‘Police made “stark errors” during an investigation into four young men accused of gang rape, a court has heard.’

Full story

The Independent, 27th April 2016

Source: www.independent.co.uk

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Hillsborough inquest timeline: the long wait for justice – The Guardian

‘The families of the 96 people fatally injured at the 1989 FA Cup semi-final have been fighting for the truth for 27 years.’

Full story

The Guardian, 26th April 2016

Source: www.guardian.co.uk

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Regulator widens inquiry into UK firms’ links with Panama Papers tax havens – The Guardian

‘The City regulator has widened its inquiries into potential links between UK financial firms and the law company at the centre of the Panama Papers revelations, it said on Tuesday.’

Full story

The Guardian, 26th April 2016

Source: www.guardian.co.uk

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Fears over credit for guilty plea – Law Society’s Gazette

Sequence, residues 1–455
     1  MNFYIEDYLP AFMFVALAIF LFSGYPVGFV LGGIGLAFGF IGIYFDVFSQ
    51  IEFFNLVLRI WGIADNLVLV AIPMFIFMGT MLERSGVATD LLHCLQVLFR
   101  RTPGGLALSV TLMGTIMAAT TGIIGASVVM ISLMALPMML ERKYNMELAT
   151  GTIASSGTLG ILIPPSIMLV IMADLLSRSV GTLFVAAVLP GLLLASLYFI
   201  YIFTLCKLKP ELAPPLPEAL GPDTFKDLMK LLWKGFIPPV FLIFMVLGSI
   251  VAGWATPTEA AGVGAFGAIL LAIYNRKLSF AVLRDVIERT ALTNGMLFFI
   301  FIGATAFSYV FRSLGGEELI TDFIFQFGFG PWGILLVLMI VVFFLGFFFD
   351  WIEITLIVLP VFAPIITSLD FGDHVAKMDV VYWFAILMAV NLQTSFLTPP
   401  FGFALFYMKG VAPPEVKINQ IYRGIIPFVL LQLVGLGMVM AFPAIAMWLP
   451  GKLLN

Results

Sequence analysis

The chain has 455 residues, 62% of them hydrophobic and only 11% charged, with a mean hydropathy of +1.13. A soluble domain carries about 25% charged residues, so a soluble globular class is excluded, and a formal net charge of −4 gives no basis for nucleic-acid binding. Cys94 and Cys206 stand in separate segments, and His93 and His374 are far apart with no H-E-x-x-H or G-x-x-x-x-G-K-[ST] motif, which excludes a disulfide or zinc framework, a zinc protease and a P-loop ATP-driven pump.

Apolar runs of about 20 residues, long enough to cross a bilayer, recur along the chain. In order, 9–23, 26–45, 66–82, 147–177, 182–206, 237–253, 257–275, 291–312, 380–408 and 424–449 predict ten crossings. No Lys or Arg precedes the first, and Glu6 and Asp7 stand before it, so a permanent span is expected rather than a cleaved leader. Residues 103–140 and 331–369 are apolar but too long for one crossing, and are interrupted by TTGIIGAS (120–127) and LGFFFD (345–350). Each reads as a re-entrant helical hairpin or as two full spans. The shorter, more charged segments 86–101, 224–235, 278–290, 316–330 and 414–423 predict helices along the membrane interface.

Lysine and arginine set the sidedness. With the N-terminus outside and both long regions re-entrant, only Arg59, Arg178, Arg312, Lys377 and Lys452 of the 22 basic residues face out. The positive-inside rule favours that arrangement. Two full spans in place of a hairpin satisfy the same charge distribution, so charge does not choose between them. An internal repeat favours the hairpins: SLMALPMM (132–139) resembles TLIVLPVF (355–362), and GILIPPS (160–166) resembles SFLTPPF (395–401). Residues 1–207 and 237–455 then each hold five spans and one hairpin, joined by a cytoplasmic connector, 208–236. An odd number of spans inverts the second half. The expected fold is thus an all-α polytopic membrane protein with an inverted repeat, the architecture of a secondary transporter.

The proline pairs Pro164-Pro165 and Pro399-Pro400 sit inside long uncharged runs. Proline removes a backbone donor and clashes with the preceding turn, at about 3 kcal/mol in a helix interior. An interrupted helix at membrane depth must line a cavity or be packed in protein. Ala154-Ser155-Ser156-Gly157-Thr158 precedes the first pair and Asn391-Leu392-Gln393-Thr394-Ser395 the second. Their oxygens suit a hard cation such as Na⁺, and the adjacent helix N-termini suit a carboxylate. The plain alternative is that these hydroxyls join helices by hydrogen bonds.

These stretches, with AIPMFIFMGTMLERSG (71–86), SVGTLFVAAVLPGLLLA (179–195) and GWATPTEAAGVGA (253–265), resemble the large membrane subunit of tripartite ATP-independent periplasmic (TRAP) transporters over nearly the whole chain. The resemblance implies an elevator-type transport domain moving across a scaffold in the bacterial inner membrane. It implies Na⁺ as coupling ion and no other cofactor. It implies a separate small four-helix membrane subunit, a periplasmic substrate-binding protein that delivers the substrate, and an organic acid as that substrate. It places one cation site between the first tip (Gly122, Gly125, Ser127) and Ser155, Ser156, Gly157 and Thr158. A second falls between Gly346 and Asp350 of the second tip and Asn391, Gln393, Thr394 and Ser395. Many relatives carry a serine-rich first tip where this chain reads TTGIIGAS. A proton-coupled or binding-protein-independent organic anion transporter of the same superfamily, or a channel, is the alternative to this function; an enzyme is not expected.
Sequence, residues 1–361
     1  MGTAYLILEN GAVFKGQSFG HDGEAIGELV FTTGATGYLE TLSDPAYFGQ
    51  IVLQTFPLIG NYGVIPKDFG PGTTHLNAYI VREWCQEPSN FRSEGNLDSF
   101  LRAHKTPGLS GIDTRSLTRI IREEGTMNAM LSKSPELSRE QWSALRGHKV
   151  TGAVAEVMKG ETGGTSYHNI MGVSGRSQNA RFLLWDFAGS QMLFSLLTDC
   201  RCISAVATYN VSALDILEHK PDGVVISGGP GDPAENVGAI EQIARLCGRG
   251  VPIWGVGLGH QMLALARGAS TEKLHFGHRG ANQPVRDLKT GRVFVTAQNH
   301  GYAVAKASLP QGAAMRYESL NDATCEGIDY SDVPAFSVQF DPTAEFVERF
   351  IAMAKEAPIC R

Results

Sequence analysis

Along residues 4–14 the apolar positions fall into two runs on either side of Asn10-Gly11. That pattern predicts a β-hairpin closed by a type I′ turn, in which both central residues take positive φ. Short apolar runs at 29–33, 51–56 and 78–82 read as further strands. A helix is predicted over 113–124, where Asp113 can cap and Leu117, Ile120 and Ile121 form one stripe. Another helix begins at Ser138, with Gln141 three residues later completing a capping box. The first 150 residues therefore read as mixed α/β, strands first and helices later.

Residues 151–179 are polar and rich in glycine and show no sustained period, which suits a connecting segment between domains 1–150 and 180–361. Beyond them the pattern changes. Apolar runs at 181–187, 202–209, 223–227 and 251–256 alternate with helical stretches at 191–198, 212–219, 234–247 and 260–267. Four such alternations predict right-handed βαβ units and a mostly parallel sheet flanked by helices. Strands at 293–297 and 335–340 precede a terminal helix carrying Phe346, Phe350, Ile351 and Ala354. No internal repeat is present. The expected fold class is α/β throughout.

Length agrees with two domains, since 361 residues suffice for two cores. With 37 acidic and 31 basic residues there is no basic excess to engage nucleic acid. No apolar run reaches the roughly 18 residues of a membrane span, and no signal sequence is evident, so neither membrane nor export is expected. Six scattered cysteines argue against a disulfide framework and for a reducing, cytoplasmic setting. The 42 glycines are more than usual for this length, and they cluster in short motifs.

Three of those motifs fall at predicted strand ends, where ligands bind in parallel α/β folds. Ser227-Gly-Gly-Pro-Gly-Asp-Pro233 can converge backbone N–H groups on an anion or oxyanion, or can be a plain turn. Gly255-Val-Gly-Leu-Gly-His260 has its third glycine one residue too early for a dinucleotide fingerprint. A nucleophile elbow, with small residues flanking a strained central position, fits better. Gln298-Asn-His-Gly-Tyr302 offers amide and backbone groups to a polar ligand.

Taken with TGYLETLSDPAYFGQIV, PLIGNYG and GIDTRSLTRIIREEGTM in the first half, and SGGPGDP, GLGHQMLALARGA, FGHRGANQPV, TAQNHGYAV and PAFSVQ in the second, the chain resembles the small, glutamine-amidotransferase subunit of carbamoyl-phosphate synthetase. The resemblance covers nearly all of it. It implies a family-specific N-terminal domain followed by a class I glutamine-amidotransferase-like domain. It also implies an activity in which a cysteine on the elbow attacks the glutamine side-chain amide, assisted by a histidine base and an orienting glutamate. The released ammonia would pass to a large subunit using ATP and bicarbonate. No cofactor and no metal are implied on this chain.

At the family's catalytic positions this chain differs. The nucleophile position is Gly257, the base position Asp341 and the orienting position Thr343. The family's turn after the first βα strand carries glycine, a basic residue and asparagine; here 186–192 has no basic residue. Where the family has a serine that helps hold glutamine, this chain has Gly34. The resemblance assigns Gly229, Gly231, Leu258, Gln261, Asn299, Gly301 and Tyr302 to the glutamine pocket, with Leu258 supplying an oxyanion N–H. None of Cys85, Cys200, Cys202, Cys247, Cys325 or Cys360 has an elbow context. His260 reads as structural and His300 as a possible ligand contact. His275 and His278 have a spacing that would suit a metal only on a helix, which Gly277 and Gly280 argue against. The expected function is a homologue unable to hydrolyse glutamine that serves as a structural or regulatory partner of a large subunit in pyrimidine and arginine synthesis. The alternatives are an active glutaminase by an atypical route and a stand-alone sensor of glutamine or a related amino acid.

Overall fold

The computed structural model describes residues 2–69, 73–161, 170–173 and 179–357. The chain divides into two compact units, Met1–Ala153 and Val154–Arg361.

‘Criminal defence solicitors are expected to oppose proposed replacement guidelines on sentence reductions for early guilty pleas.’

Full story

Law Society’s Gazette, 25th April 2016

Source: www.lawgazette.co.uk

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Kent police passed alleged domestic abuser sensitive details of complainant – The Guardian

Posted April 22nd, 2016 in data protection, disclosure, domestic violence, fines, news, police by tracey

‘Kent police force has been found guilty of serious breaches after an alleged domestic abuser was passed sensitive details and intimate pictures of the woman who brought a complaint against him. The suspect was a police officer and the contents of the mobile phone of his partner were given to him, after they had been gathered by police investigating the domestic abuse claims.’

Full story

The Guardian, 21st April 2016

Source: www.guardian.co.uk

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Early intervention needed to improve effectiveness of confiscation orders, says expert – OUT-LAW.com

‘Earlier intervention and more formal measures of success are needed if confiscation orders are to be successfully used by the UK courts to deprive fraudsters of the proceeds of their crimes.’

Full story

OUT-LAW.com, 20th April 2016

Source: www.out-law.com

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Control of Documents – New Square Chamber